When we think about the kind of music that makes a real impact on people, we’re not just talking about emotionally deep songs written by tortured artists, though “serious” songs certainly are meaningful to a lot of listeners. Tracks that blow out speakers in clubs and music that’s heard by thousands of spectators at sporting events have an effect on audiences as well, though in a completely different way than someone playing the same song over and over again to get through a breakup.
It’s possible for musicians to find success with their music without the help of their friends and family, but it’s much, much harder without them. From showing up to your first concerts when no one else will to donating money to fund your releases, the community closest to you is a priceless asset for a developing artist. But if your plans don’t extend further than the people closest to you as a musician, you’re creating an unsustainable situation for you as well as your friends and family.
If we’re lucky, safe in-person music experiences will become a regular part of life again sometime in 2021––if we’re lucky. While music fans and artists alike are desperate for a sense of normalcy to return to live music, there are still a lot of unknowns around the idea of people packing into venues to see musicians. If you’re not sure what to do when it comes to waiting for touring to become safe and viable again, the same advice applies now as it did back when the U.S. started locking down in the spring. By staying productive, active, and creatively engaged, you’ll make the most of this time. We don’t know exactly when touring will be a major part of music again, but there is a lot we can do while we wait.
When it comes to creating and sharing music, there are few guarantees as far as fame, money, and fans go. But pursue music seriously and long enough, and it will end up enriching your life in other important ways. Making music makes us more human, interesting, and connected to people regardless of how conventionally successful we are. Here’s how:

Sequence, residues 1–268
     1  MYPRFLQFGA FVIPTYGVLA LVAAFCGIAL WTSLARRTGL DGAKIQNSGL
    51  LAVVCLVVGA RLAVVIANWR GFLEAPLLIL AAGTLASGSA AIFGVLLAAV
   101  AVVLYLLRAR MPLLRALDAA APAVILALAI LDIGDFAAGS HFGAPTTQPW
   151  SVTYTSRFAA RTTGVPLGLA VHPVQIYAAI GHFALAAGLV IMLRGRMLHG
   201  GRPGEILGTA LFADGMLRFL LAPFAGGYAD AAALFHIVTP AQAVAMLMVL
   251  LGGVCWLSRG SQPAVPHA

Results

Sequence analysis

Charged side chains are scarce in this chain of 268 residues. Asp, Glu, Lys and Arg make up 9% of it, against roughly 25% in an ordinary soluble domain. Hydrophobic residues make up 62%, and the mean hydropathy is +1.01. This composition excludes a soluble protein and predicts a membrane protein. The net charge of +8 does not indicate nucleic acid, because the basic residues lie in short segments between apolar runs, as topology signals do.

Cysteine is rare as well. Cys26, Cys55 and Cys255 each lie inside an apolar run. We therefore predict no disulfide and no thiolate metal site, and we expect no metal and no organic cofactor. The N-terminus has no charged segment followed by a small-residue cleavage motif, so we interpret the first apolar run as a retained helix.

Every songwriter’s creative process is unique and shaped by dramatically different factors––goals, intuition, experience level, genre. For example, most seasoned professional songwriters follow rules and expectations that most developing artists don’t have to think about when writing a song. But the idea of recording and producing music that can’t be played live is something that musicians of every experience level should consider. From making live shows much more complicated than they need to be to impacting the humanity and immediacy of your writing, creating unperformable music comes with some significant drawbacks.
Happy New Year! First of all, can we all just do a collective sigh of relief here that 2020 is over and we are now officially kicking off a brand new year? And while yes, every year comes with the promise of new beginnings, I think we can all agree that this year we are feeling this more than ever.
We’re living in a bizarre time in music where it’s completely possible for an artist to be streamed thousands of times a day without having any true fans. Meaningful engagement between musicians and audiences has never been more important in the age of playlists and streaming, but it’s not always easy to tell when or how audiences are showing genuine enthusiasm about your music. Here are five signs that show that someone is becoming more than just a casual listener of your music.